Home World “Where is #katemiddleton?” : Theories about Kate’s whereabouts go global

“Where is #katemiddleton?” : Theories about Kate’s whereabouts go global

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 “Where is #katemiddleton?” : Theories about Kate's whereabouts go global

WHen the Sun published images of the Prince and Princess of Wales shopping at a farm store this weekend, he said he was doing so “in a bid to end weeks of online speculation which saw wild theories of the Kate conspiracy spreading unchecked.

If that was the goal, it certainly didn’t work. “Do you think it’s Kate Middleton?” » is the legend of a TikTok video which has been viewed 3.5 million times. “Not Kate. Nooo,” read one of the nearly 2,000 comments. “I’m not even a big fan of the royal family and I knew it wasn’t her,” someone said another. video, titled: “Where is #katemiddleton? Because it’s not here! (sic)”, has 1.1 million views.

Ten days after Kensington Palace released a photo of Catherine with her children – which it was later forced to admit had been altered – the enormous scale of the conspiracies it fueled and generated is becoming clear.

The princess’s whereabouts and the wildest theories attached to it have been the subject of frenzied speculation online, as data seen by the Guardian illustrates. According to BrandMentions, a company that monitors the spread of hashtags and keywords online, over the past seven days, the hashtags #whereiskate #katebodydouble and #katemiddleton have been used on social media accounts and web pages with a total reach of 400 million people, according to measurements. by factors such as account followers.

The hashtags were mentioned 5,400 times, with Instagram accounting for more than eight out of 10 mentions, followed by TikTok, which accounted for 5% of mentions. Posts with these hashtags were shared 2.3 million times and liked 2.2 million times.

The speculation has been truly global, with the biggest reach of the three hashtags on Facebook coming from the page of news magazine India Today, while one of the biggest reaches on Instagram is from the account of Diario Libre, a newspaper of the Dominican Republic, which has 1.8 million followers.

An example of how fake news originates and spreads is the alleged revelation of an impending royal announcement earlier this week. After rumors of death or divorce within the royal family began spreading on social media, the hashtag #royalannouncement began trending on X early Monday morning.

These rumors appear to originate from the TikTok and Instagram sites Popapologists, run by a duo who describe themselves as podcasting sisters Lauren and Chan, apparently from the United States. On March 11, the couple released the first in a now 32-part series titled “Where TF is Kate Middleton?!?!?!”, which has now been viewed 6.1 million times. The series has attracted over 20 million total views on TikTok alone.

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In a video posted on March 16, the pair said they had received “inside information” that BBC Events had “been informed to be ready at any time for a hugely important royal announcement.” “Do you know what BBC Events is responsible for covering? Weddings, coronations and funerals. Is there a world where Kate is no longer with us? The claims spread widely, with fact-checking site Snopes identifying popapologists as a key source.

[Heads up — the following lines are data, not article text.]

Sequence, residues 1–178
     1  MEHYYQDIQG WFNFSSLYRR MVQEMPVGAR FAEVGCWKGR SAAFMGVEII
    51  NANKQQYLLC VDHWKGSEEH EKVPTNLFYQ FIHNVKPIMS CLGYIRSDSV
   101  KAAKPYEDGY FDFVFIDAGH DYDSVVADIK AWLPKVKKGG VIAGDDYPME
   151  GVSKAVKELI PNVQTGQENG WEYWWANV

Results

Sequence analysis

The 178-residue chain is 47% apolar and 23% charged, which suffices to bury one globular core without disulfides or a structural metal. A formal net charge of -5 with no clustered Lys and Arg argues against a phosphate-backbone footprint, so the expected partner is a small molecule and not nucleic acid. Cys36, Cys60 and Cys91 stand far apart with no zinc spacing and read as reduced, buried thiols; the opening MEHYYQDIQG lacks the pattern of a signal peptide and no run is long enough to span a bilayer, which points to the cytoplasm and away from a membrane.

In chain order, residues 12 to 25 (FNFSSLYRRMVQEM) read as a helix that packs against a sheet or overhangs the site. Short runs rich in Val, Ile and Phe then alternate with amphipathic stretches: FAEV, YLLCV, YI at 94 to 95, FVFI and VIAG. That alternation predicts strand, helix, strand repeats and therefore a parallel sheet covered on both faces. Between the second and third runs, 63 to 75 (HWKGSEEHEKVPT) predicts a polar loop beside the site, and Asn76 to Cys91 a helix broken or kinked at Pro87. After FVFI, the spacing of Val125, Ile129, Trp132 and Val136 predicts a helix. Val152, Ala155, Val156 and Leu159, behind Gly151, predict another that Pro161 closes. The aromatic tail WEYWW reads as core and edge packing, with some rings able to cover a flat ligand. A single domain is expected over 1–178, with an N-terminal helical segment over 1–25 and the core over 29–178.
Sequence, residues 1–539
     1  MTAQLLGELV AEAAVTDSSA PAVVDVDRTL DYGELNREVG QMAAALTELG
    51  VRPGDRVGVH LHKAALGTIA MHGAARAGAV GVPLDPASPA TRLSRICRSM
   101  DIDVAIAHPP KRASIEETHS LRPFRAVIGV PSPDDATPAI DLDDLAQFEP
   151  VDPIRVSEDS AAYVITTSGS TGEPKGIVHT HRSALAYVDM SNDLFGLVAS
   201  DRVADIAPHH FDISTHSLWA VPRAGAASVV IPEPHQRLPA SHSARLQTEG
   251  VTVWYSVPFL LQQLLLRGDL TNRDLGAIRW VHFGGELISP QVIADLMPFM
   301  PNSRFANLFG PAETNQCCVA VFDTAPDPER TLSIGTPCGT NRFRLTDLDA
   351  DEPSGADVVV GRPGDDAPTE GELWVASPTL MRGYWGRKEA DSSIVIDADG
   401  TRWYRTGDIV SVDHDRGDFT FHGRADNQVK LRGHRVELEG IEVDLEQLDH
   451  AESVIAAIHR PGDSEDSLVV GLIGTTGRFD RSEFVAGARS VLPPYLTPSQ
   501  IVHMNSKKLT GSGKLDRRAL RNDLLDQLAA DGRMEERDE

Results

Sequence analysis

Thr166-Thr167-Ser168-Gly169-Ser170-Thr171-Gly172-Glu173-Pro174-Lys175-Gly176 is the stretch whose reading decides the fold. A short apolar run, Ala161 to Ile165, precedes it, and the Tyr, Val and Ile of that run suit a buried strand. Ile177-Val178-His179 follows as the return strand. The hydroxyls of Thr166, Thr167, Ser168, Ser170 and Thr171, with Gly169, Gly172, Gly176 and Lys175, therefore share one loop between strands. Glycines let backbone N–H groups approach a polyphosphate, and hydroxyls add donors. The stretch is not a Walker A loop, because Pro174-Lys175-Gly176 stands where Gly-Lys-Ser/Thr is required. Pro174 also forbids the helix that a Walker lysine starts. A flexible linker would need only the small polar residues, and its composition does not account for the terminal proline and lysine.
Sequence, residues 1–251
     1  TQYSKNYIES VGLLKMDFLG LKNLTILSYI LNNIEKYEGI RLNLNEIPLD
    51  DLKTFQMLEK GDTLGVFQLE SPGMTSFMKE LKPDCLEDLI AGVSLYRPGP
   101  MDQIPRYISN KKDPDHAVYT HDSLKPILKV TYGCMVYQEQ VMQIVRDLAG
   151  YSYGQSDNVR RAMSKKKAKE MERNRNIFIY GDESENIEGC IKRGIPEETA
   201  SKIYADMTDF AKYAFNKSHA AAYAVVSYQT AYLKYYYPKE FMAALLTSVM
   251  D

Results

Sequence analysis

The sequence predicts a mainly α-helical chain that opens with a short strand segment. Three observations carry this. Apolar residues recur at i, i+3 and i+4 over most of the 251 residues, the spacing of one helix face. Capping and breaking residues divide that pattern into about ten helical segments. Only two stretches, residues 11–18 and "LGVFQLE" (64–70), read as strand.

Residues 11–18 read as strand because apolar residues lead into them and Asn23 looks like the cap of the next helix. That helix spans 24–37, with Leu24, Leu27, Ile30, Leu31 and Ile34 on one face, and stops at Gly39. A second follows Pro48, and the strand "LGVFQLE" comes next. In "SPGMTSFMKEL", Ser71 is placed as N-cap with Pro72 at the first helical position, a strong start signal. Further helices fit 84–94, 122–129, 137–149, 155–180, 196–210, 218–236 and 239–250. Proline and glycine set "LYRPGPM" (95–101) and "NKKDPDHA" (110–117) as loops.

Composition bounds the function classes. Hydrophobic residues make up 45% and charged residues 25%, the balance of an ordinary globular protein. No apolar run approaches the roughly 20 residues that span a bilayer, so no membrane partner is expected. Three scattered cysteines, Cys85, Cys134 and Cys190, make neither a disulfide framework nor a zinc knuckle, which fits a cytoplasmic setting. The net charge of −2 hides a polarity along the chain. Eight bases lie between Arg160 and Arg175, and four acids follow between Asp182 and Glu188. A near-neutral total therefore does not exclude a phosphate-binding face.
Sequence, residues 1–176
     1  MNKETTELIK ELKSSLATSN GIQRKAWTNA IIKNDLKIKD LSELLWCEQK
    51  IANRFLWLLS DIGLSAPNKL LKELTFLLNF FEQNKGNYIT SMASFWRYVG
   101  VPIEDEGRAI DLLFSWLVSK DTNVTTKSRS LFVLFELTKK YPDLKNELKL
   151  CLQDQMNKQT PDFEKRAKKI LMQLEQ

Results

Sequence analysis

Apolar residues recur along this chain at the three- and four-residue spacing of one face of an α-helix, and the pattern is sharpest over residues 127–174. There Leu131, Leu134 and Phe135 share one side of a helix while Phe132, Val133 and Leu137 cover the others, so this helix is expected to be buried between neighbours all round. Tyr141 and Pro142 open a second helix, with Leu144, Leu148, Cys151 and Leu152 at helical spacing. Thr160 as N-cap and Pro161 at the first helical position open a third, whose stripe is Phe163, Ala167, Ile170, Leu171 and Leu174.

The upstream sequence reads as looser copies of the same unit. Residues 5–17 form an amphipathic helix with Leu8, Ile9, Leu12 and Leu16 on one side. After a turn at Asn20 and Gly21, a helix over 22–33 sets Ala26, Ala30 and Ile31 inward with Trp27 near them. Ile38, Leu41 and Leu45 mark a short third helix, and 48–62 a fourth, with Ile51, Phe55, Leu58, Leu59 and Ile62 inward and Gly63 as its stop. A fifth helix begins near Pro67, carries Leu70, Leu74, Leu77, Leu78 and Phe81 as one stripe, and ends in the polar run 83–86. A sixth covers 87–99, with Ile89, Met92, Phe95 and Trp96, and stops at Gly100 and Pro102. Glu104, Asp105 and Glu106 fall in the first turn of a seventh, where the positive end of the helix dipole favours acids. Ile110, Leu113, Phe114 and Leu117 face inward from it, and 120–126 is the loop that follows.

This information was picked up by News International, an English-language Pakistani newspaper which writes numerous articles on the royal family. Its signature writer Wells Oster has no profile on LinkedIn, Facebook or other social networks, but has written more than 50 articles about the royal family this week.

On March 16, Oster published a news article titled “Royals signal UK media for major announcement ‘any time'”, quoting the Popapologists. Screenshots of this article then began appearing on X, where several accounts cited the report alongside reports that Charles or another member of the royal family may have died.

A verified account @UKR_Report, which has 22,600 followers, wrote: “Princess Kate of Wales, a member of the United Kingdom royal family, is estimated to have died. » Like the article about the death of King Charles that same day, which was picked up and amplified by major Russian media outlets, the article was completely false.

Daniel Jolley, assistant professor of social psychology at the University of Nottingham, says that while we often talk about conspiracy theories in terms of the psychological needs they satisfy in those who support them, rumors about the Princess of Wales are particularly powerful “because they are also entertaining”. .

He added: “It feels like a movie, with you as the investigator. That detective element – ​​ooh, could they or couldn’t they? It’s quite exciting… And in the context of economic inequality, which can lead to anomie, the idea of ​​a society in ruins, we have the impression that this is possible.”

Stephan Lewandowsky, professor of cognitive psychology at the University of Bristol, whose research focuses on the spread of myths and misinformation, says: “One of the problems is that you then get into feedback loops, where the The fact that many people believe it then gives others reason to believe things. And then all of a sudden, just because everyone believes it, people will say there must be some truth to it because my neighbor believes it. It feeds on itself.

Much of the current frenzy will subside when Catherine returns to royal duties, “so in a sense it doesn’t matter, right?” Lewandowsky said. “The world will not be changed by what this person does. But the real problem is, of course, that it contributes to this blizzard of misinformation, misinformation and misleading information on social media – and that it makes it increasingly difficult to distinguish between truth and lies. This is very worrying in the long term.

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